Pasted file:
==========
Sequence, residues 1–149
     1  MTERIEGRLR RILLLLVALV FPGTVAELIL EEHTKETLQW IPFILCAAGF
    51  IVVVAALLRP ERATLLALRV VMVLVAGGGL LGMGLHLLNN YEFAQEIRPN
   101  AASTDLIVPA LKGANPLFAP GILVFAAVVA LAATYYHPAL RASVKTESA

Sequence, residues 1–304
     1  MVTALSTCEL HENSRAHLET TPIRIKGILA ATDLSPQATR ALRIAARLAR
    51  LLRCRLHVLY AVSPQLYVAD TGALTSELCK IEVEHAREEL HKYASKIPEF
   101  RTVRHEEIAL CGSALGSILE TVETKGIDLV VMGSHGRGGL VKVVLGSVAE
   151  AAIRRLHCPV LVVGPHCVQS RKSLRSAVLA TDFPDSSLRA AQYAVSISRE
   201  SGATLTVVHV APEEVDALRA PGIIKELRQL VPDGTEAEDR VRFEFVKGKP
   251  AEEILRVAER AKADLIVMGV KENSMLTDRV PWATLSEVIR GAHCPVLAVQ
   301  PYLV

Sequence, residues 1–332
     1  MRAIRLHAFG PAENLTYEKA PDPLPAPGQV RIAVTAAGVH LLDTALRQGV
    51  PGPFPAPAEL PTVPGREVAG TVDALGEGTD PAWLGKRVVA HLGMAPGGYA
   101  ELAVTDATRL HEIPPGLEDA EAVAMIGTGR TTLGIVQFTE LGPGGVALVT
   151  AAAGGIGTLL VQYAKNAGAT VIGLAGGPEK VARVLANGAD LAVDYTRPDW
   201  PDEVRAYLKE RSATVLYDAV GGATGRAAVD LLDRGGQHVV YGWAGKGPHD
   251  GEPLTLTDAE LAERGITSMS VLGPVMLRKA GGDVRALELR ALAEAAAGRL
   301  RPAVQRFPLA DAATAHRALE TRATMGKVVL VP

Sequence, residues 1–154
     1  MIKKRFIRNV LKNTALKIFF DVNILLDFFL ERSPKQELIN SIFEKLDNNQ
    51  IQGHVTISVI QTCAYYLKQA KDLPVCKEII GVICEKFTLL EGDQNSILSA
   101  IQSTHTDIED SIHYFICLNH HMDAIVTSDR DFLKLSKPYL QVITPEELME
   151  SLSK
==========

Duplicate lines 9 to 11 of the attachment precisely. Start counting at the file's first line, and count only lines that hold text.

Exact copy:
   151  AAIRRLHCPV LVVGPHCVQS RKSLRSAVLA TDFPDSSLRA AQYAVSISRE
   201  SGATLTVVHV APEEVDALRA PGIIKELRQL VPDGTEAEDR VRFEFVKGKP
   251  AEEILRVAER AKADLIVMGV KENSMLTDRV PWATLSEVIR GAHCPVLAVQ